Members of the Home Culture Club met on Thursday, October 5 in the home of Faye Smith.  In the absence of President Linda Gray, Ginger Odell presided over the meeting.  The members recited the club creed.

 Ginger Odell presented the lesson, entitled “Who was Paul Harris and what drove him to start what would become Rotary?” to nine members. Paul Harris was born in 1868 and went to live with his paternal grandparents at age three.  He would later credit his grandfather with teaching him tolerance and work ethic. Harris attended Princeton and then changed to the University of Iowa at Des Moines upon the death of his grandfather.  He earned a law degree in 1891 and then spent the next five years learning about the world and himself through a variety of jobs. Harris moved to Chicago in 1896, obtaining his Illinois law license at age 28.

 It was after Harris moved to Chicago that he felt a big void in his life regarding friendships and he felt lost in the big city.  Although he was successful in business by 1905, he had only one close acquaintance, a coal dealer named Silvester Schiele.  Harris first shared his idea of a club for businessman - a place where they could share friendship and trade with one another - with Schiele, and the first Rotary meeting was held on February 23, 1905 .  In the years that followed Paul Harris worked tirelessly, encouraging clubs through letters and visits.  As he was preparing for the first Rotary convention in 1910, he met Jean Thomson and three months later they were married.  After devoting 42 years to creating, developing and loving Rotary, Paul Harris died in 1947.

 Since 1905, the dream of Paul Harris has grown to 1.2 million men and women in over 32,000 clubs in more than 200 countries.  Rotary International has helped millions of people all around the world improve their health and lives. Some of the programs are Polio Plus which works to eradicate the disease worldwide, Phillipines Well Project where wells are dug by hand, Heifer Project of Vietnam, and Sun Over Haiti (planting trees).  The Rotary crest is a rotary gear that reminds us as individuals we are only parts but when the parts come together, they make a machine that can achieve great results impossible in the past.

Locally the Rotarians work to better our lives through such projects as refurbishing the Scout Hut, doing roadside cleanup, organizing Little League Baseball, and providing a dictionary for every third grade student.  In the past, Rotarians also organized and hosted the Cimarron County Junior Livestock Show for many years. Rotarians meet locally every Wednesday at noon at the Keyes Bank meeting room.  The local meeting is the best attended in the district, which is enhanced by the great catering of Hazel Hitchings and Sherrie James.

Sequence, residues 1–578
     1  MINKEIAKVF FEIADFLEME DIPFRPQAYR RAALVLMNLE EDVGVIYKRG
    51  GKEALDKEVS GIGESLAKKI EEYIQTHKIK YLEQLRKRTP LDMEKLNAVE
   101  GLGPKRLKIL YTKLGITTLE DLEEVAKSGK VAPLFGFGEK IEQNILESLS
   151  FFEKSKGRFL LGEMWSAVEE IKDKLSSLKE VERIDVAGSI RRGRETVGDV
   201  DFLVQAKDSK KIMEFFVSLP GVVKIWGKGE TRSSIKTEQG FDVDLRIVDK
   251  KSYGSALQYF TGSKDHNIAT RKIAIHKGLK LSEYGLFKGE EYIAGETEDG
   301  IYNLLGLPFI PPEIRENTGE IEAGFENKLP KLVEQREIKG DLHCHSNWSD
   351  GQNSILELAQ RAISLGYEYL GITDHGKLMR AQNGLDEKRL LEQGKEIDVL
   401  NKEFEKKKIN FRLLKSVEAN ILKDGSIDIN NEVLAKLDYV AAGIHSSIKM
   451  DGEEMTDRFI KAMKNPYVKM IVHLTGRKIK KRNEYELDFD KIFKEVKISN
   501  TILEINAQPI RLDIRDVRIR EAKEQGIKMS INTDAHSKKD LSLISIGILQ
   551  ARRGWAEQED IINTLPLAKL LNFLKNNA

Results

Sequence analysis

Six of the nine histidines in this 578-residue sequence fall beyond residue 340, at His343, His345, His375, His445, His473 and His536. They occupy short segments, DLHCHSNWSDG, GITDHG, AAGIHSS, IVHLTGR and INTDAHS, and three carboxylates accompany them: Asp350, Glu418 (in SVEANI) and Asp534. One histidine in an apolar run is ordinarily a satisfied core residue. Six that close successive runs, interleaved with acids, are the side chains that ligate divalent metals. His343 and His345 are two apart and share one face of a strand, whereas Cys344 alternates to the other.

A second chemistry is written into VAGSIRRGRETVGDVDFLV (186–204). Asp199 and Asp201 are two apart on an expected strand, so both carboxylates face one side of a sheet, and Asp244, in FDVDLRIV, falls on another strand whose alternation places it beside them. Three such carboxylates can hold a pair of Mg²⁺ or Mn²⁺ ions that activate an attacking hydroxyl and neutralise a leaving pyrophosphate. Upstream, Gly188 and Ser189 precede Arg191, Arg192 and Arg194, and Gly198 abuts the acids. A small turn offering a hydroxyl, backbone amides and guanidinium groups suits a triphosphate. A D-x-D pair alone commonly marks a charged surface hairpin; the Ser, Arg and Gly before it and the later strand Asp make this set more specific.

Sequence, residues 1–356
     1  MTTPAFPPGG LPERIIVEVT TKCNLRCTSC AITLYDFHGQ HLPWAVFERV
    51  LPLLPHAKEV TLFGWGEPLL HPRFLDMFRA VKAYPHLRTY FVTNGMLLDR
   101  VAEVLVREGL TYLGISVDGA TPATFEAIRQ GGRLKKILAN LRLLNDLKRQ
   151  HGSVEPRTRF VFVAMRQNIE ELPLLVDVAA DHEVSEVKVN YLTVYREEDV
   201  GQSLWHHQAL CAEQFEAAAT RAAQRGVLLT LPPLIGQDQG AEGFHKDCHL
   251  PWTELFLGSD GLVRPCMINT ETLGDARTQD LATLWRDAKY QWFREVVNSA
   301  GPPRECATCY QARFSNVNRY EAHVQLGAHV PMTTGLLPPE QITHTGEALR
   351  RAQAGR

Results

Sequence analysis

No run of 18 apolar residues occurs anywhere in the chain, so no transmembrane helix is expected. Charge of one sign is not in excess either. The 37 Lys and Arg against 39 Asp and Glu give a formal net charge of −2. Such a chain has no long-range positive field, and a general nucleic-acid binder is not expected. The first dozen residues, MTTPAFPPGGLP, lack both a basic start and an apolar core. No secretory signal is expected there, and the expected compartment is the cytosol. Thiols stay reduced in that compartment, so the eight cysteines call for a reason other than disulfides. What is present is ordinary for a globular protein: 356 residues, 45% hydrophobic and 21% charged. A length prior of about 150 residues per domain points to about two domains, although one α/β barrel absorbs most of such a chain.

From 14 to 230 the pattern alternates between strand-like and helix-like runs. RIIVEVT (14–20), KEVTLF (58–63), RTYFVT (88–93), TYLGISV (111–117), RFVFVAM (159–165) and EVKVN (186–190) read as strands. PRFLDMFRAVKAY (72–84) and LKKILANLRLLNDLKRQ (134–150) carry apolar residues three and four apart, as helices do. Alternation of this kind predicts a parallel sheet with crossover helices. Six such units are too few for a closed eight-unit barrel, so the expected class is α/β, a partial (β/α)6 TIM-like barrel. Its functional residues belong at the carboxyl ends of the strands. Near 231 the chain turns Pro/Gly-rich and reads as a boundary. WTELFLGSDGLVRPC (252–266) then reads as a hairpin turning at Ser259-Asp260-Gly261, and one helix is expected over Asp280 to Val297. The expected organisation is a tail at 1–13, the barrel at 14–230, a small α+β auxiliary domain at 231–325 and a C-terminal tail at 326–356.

Minutes were read by Deanna Francis and were approved.

 Mildred Cox gave the fine arts report.  She shared that on October 10, Darwood Davis was going to tell about his years living in the Cox house at the Cimarron Heritage Center . Carolyn Shryock shared in the education report that in the last nine years, 46 children have been killed in school shootings nationwide.  Dorothy Sechler reported for community improvements that she is really glad the street repairs are being made on Locust Street and commended the city for cleaning up the broken limbs around town.  Faye Pitzer, conservation reporter, gave members a handout provided by Sherrie Brown and Iris Imler from the Soil Conservation Office. Deanna Francis, home life reporter, suggested that candidates and issues for the upcoming elections be highlighted in the newspaper along with sample ballots. She also reported that Felt Schools will be presenting “The Jungle Book”  October 13 and 14. Elizabeth Hinderliter, public and international affairs reporter, shared that National Fire Protection Association week is October 8-14 and that kitchen and stoves are where fires originate most.  She shared the slogan “Stand By Your Pan” as well as advising that handles on pots and pans should be turned away from the edge of the stove.  Faye Smith reminded members that October 11 was Pink Day in town to raise awareness and to show support for breast cancer survivors.

Roll call of favorite Rotary project was answered by members Elizabeth Hinderliter, Susie Odell, Carolyn Shryock, Mildred Cox, Faye Pitzer, Faye Smith, Dorothy Sechler, Deanna Francis, and Nancy Roberts.  A tasty banana lemon dessert was also served.  The next meeting will be October 19 at the home of Linda Gray.

Boise City News
P.O. Box 278
105 W. Main Street
Boise City, Oklahoma 73933-0278
Phone: 580 544-2222
Fax: 580 544-3281
site maintained by Wildsteps.com, Inc.